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What is ageism and why should it be avoided?

Discriminating against people for the mere fact of being older is quite common, but chronological age does not define our abilities or limitations, nor is there a “typical” old age.

Ageism is discrimination based on age. Although it can occur in all age groups, it is the elderly who suffer the most. Under the assumption that all older people are equal, society acts according to certain stereotypes and prejudices. These behaviors are tremendously negative for those who suffer from them and can affect them both physically and mentally. We detail it.

There are more and more older people

The world population is aging by leaps and bounds. According to estimates by the United Nations Organization (UN), in 2030 the number of people over 60 will increase by 38% (from the current 1,000 million to 1,400 million) and will surpass youth globally. In developing countries, this increase will be larger and faster. The European Statistical Office (Eurostat) calculates that of the 45.3 million inhabitants that Spain will have in 2030, more than 11 million will be over 65 years of age.

And it is that the life expectancy of the world population is increasing. At present, it is equal to or greater than 60 years, as reported by the UN. According to the National Institute of Statistics (INE), the figure exceeds 83 years.

Getting to blow out such a number of candles on the birthday cake does not necessarily mean suffering from a host of diseases or ailments, experiencing motor limitations, suffering from cognitive impairment or depending on other people. However, and despite the fact that more and more elderly people are leading a full and healthy life without requiring the intervention of the youngest in their daily lives, many times as a society we are not aware and we act in a discriminatory and paternalistic manner. This behavior is known as ageism and, unfortunately, it is practiced worldwide.

What is ageism?

The American psychiatrist Robert Butler coined the term ageism in 1968 to refer to age discrimination. The World Health Organization (WHO) not only endorsed this definition but also expanded its meaning by establishing that ageism refers to the way of thinking (stereotypes), feeling (prejudice), and acting (discrimination) with respect to others or ourselves. themselves due to age.

Although ageism affects all age groups, it is those over 65 who suffer the most. It is very present in society: under the presumption that all people are equal, prejudices arise and generalist behaviors are triggered that do not take into account the diversity of old age. In these cases, ageism is intertwined with other forms of disadvantage, such as those related to gender, race, and disability, adding to the problem.

What effects does ageism have?

According to the UN, half of the world’s population is ageist with respect to older people. Age discrimination has fatal consequences, both physical and psychological. The WHO warns that people who suffer (and acquire as true) this type of negative attitude could live 7.5 years less than those who adequately assume old age.

The Ministry of Health has listed the main effects of ageism on health:

  • It produces cardiovascular stress.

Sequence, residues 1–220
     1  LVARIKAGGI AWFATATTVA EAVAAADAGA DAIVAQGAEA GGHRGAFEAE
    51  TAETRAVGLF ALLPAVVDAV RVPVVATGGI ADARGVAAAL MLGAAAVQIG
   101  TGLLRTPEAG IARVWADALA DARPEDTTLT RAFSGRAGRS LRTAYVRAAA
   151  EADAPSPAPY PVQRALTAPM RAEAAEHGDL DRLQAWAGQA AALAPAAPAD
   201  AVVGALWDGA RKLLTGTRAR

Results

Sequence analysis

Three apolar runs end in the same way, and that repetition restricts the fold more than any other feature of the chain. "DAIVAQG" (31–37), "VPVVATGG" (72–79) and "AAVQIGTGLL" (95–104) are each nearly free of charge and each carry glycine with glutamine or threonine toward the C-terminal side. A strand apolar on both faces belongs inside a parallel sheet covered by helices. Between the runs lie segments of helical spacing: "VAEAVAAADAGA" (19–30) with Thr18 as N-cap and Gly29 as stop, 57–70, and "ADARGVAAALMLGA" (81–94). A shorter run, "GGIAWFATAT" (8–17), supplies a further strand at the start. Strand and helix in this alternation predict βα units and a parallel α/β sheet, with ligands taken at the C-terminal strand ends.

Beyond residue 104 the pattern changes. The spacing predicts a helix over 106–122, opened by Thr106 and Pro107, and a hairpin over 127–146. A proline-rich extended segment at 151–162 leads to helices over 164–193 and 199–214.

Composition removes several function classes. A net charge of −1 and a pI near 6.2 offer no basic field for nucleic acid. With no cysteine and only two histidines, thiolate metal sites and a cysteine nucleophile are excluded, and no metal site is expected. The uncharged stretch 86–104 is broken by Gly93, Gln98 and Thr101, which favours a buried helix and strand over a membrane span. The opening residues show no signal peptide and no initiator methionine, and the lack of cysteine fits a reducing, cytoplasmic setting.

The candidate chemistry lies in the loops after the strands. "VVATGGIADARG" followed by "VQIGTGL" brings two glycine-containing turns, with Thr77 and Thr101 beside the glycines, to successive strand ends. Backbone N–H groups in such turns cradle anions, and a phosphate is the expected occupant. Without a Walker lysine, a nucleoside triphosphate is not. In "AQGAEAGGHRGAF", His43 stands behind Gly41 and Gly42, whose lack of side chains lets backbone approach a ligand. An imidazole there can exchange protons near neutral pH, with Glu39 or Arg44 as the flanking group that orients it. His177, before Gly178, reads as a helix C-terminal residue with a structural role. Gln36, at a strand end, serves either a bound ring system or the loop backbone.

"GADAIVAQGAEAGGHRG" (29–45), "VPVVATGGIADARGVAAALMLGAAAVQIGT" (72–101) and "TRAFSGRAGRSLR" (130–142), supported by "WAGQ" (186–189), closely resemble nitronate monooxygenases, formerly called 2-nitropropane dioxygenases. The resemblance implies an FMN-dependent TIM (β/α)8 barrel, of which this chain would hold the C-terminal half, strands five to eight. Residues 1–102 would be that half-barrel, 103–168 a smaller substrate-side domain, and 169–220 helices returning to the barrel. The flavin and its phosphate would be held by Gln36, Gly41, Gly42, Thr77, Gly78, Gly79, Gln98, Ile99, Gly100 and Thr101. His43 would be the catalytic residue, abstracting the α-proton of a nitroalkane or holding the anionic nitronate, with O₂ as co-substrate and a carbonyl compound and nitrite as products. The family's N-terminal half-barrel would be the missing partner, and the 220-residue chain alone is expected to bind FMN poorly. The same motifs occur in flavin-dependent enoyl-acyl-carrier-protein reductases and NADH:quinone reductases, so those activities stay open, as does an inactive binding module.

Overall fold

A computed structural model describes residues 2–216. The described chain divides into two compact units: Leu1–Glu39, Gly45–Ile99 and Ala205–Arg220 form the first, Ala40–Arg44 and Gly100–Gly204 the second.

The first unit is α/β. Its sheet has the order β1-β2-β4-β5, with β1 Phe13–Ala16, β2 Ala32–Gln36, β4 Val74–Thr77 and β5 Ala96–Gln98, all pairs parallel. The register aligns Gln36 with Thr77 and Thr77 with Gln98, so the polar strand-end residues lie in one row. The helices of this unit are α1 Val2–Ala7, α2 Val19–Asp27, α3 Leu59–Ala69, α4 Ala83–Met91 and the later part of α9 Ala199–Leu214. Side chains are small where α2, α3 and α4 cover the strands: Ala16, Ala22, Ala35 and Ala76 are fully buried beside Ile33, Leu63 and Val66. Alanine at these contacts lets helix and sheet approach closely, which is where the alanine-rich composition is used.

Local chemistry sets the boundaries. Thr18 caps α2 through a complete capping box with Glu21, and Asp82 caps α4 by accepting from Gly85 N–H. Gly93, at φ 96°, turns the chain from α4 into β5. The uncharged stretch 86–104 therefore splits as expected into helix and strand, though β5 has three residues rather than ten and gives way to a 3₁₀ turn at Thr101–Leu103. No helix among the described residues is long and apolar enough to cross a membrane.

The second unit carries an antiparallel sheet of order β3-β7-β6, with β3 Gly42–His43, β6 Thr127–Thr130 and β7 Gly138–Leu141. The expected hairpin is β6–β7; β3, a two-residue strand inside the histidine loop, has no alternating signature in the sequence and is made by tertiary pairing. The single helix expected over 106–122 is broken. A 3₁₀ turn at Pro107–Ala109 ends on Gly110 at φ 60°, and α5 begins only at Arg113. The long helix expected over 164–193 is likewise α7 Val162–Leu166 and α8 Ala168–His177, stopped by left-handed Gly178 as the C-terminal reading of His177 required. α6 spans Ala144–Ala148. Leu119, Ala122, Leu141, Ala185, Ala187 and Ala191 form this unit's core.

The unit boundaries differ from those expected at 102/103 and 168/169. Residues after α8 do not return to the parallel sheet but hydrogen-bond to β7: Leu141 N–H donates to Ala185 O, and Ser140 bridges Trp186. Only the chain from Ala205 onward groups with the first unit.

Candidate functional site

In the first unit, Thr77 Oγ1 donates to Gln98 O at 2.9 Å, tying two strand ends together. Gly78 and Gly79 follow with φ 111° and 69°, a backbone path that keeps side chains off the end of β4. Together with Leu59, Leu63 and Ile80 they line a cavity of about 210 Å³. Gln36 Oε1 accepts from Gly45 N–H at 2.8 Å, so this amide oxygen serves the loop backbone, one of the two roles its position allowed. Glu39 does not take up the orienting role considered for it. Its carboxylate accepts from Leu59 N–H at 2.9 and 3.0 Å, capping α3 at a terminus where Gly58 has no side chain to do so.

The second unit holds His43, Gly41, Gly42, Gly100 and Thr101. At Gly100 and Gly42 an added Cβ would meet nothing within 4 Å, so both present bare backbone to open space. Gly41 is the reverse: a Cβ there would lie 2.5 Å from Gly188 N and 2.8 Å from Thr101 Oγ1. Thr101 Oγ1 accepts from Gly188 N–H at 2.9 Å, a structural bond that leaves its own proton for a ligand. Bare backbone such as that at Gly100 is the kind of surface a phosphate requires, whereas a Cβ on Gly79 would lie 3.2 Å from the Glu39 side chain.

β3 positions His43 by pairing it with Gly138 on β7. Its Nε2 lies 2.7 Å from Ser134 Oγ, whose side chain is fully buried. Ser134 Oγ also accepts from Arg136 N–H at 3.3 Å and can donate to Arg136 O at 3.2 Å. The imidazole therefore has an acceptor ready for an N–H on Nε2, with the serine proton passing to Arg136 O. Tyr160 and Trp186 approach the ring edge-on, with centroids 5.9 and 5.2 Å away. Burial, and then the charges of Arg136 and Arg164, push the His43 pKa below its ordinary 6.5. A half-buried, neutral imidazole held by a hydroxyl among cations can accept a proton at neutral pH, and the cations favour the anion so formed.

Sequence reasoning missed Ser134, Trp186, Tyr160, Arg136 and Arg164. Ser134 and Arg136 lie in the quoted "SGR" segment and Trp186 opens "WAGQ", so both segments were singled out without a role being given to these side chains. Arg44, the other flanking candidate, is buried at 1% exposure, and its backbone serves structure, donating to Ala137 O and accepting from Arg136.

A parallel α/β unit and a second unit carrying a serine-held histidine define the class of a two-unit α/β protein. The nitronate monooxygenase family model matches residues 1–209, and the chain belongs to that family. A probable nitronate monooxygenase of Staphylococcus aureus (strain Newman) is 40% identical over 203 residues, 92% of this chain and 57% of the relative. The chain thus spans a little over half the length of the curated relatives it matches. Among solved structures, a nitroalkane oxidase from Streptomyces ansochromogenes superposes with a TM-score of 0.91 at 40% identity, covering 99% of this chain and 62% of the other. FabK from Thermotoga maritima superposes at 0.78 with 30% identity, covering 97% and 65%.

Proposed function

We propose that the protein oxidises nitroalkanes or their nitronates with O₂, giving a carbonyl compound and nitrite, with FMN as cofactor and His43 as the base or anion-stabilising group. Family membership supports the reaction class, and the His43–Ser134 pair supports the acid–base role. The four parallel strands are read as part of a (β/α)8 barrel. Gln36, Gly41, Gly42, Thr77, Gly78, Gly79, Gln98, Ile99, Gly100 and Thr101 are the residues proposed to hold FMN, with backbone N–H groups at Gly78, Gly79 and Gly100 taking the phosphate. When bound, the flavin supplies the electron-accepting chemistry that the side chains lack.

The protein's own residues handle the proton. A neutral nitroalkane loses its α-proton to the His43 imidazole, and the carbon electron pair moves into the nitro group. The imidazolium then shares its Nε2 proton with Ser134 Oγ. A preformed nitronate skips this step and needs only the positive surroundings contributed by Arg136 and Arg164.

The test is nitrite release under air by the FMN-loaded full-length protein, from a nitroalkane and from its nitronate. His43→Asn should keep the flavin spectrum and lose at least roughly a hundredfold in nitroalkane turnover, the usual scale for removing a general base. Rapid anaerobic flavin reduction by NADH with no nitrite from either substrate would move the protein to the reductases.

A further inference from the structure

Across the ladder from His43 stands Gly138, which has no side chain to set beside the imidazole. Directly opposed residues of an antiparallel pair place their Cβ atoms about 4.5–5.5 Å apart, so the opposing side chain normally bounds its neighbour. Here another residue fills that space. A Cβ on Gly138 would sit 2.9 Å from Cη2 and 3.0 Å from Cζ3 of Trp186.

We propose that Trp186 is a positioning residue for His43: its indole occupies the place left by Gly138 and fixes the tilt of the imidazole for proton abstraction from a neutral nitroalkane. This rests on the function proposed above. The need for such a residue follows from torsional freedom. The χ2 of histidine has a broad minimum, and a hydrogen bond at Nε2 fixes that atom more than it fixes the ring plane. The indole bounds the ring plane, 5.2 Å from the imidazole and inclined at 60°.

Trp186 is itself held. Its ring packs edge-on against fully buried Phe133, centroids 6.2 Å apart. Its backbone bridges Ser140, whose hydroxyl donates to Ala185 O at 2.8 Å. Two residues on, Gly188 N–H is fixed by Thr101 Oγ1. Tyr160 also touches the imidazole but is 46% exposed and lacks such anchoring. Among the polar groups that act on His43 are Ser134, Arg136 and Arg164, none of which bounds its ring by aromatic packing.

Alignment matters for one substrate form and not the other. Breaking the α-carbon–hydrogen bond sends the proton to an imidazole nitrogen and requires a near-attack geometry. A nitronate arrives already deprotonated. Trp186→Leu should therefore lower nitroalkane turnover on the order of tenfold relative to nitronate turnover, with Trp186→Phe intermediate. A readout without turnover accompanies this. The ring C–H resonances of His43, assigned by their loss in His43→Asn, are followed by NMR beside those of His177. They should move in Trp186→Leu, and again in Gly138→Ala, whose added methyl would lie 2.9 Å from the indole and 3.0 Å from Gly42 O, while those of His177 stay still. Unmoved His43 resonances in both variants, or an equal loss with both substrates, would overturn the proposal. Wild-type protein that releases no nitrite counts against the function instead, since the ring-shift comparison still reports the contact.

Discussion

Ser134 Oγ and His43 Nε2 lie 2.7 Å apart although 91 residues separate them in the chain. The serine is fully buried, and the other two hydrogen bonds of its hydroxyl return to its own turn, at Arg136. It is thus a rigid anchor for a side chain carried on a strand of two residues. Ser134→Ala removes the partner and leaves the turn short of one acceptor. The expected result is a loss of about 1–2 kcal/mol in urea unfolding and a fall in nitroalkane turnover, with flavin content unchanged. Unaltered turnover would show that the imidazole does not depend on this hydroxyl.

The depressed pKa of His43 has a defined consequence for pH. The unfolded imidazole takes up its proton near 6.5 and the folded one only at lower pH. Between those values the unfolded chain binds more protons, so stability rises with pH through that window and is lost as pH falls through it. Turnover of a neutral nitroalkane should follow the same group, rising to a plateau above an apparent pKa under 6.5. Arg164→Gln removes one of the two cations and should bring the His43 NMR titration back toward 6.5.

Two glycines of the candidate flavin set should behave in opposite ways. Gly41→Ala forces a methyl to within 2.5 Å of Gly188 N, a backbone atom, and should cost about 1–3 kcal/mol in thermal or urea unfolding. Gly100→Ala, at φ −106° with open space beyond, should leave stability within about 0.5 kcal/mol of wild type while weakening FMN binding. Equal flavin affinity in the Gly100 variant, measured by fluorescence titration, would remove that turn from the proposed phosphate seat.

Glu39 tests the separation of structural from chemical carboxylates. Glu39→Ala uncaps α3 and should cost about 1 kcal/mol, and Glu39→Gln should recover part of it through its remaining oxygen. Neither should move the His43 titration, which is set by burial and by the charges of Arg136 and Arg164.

• It conditions the negative perception of oneself, which can entail a risk of self-exclusion (for example, not wearing hearing aids considering that they are a sign of old age, although deafness occurs in younger and younger people ).
  • It perpetuates stereotyped beliefs about aging, causing exclusion in decision-making and participation.
  • It limits the access of the elderly to the labor market.
  • It can increase the digital divide.
  • It produces a lack of adaptation to the care required by age.

Are our behaviors ageist?

In the opinion of John Beard, director of the Department of Aging and Life Cycle of the WHO, “most of us are unconsciously carried away by stereotypes about older people. However, as with sexism and racism, we can modify these behaviors present in our societies and stop treating people based on their age. With this, we will make our societies more prosperous, equitable and healthy”.

Ageism is so internalized in society that many times we practice it automatically, without realizing it. These are some examples that we should avoid when dealing with the elderly:

  1. Treat them childishly.
  2. Assume that they are not capable of understanding technological advances.
  3. Raise your voice or shout at them.
  4. Prevent them from making decisions in their day to day.
  5. Make fun of your physical limitations.
  6. Refer to body odor as a consequence of their age.
  7. Consider that yes or yes they are sick or ailing.
  8. Don’t let them do things alone.
  9. Assuming that certain behaviors are due to age.
  10. Use pejorative terms when naming them.
  11. Qualify them as dependent and disabled.

How to combat ageism

As a society, we must understand that aging is another stage of life that sooner or later we will all reach. The behaviors that we use today when we still consider ourselves young, will be applied to us when we reach 65 years of age. So what can we do?

  • The first step to counter negative and stereotyped concepts is to make the problem visible.
  • Facilitating the participation of older people in conversations and making them see that they exist in other forums beyond those related to pensions, illnesses or travel for the elderly is very important.
  • It is also vital to recognize your worth: your experience, maturity and perspective is non-negotiable and must be taken into account.


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